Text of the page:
The Latest on Southeast Asia: September 28, 2023

On Friday, September 22, world leaders and other officials met in New York City for the 78th United Nations General Assembly (UNGA). Among them was newly minted prime minister Hun Manet of Cambodia, who addressed the General Assembly highlighting Cambodia’s strides toward poverty reduction. He emphasized the efficacy of poverty alleviation over 20 years and stressed Cambodia’s steadfastness toward its economic goals. He used the July 2023 elections as a marker for the country’s commitment to democracy, underscored by the 85 percent turnout in the general elections. Critics, especially among the Cambodian diaspora, protested Hun Manet’s visit, arguing that international acceptance of his premiership indicated a lack of concern for continued human rights abuses in Cambodia and resignation to its flawed democracy.

On the sidelines of UNGA, ASEAN leaders met with prominent business leaders to promote their countries to foreign investors. Thailand's new prime minister Srettha Thavisin, for instance, met with Elon Musk on Thursday, September 21, to discuss Tesla’s electric vehicle manufacturing, SpaceX satellites and rockets, and Musk’s Starlink satellite-based internet service. In the past year, Musk has met with multiple ASEAN leaders, hoping to capitalize on the region’s intensifying push toward renewable energy solutions for infrastructure and transportation. 

Tesla began operations in Malaysia in July, signaling the emphasis placed by global companies, including Japanese and Korean vehicle makers, to break into the region’s market and expand the electric vehicle manufacturing sector. Indonesia and Thailand are becoming large stakeholders in the automotive industry in Southeast Asia, with the industry in the latter accounting for 12 percent of economic growth as of 2018. Both Indonesia and Thailand implemented lucrative investor-friendly policies to boost the EV sector.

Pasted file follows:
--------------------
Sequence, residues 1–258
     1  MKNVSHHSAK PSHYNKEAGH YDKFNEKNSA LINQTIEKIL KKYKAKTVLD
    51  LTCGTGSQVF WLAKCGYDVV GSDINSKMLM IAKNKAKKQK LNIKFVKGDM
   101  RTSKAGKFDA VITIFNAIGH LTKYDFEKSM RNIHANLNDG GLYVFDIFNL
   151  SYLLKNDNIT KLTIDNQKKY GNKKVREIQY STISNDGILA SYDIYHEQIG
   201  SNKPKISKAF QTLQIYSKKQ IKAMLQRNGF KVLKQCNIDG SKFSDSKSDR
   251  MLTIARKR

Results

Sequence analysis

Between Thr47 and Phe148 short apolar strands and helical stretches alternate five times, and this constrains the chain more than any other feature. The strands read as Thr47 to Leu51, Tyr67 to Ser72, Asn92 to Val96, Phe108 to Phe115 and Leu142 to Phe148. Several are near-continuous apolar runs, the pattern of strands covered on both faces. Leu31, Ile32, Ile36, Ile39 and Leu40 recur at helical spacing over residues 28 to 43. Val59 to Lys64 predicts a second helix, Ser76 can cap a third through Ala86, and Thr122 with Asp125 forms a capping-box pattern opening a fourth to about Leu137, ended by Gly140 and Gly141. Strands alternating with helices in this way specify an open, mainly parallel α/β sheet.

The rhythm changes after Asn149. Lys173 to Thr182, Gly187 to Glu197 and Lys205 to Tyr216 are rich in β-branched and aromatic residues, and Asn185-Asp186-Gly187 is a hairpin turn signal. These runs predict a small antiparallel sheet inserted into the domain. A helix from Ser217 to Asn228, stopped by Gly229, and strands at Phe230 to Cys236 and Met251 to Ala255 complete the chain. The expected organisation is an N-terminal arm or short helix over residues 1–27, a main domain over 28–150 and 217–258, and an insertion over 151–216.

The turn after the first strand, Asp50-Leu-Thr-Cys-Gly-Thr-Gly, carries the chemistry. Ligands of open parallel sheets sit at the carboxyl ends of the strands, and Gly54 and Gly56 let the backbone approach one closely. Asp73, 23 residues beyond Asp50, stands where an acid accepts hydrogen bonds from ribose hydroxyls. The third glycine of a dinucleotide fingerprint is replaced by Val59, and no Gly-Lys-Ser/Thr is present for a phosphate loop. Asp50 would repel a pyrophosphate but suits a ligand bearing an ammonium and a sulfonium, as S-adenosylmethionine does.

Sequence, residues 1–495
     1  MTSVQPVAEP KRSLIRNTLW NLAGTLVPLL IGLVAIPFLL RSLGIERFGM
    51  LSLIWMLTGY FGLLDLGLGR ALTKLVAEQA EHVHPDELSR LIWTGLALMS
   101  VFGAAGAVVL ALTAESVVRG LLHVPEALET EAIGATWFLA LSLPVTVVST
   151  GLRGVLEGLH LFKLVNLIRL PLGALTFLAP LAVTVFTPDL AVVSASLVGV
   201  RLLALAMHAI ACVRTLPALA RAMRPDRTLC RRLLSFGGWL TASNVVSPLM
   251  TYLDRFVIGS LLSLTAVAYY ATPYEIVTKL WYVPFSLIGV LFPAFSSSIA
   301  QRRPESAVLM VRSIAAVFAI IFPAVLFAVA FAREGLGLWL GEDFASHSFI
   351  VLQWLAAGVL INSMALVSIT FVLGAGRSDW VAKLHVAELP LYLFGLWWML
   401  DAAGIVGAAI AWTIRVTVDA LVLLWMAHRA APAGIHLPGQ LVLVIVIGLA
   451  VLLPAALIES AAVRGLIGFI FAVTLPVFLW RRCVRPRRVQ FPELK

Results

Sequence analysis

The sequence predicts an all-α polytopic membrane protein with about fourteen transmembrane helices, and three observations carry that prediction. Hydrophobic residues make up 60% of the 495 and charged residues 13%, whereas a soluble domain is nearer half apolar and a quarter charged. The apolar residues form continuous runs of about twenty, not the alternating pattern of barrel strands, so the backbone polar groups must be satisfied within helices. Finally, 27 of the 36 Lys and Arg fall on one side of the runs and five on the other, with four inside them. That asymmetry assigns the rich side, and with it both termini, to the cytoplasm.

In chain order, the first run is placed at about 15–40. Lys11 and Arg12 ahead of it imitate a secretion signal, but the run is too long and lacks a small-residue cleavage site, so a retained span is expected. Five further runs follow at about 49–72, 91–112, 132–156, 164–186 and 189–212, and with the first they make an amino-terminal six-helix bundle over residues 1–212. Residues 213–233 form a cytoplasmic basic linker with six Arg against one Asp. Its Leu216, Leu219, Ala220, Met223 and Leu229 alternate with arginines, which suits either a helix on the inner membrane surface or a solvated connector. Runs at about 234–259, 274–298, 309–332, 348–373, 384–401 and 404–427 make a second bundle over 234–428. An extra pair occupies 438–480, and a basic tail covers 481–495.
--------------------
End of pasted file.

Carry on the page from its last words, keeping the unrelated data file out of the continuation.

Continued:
There has also been a push to prop up domestic EV companies. In Malaysia, a recent merger of two major automobile conglomerates under a state-owned investment firm is set to strengthen the domestic auto industry. Moreover, the ubiquity of motorbikes across Southeast Asia led to a push for greater e-motorbike usage and production. Roughly 6.5 million motorcycles were sold per 1 million cars in the past decade in Indonesia alone. Subsidies decreasing the cost of such motorcycles and optimism in domestic companies such as Maka Motors demonstrate the interest in two-wheeled EVs; however, lack of charging infrastructure continues to be a barrier.

With climate change being one of the top priorities at UNGA, increasing EV production and consumption in Southeast Asia is a bellwether for foreign investment priority shifts, and perhaps most critically, an indication of further work required to ensure that the infrastructure for these vehicles continues to improve.

Yumei Lin is a research intern with the Southeast Asia Program at the Center for Strategic and International Studies (CSIS) in Washington, D.C. Japhet Quitzon is a research associate with the Southeast Asia Program at CSIS.

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Yumei Lin

Research Intern, Southeast Asia Program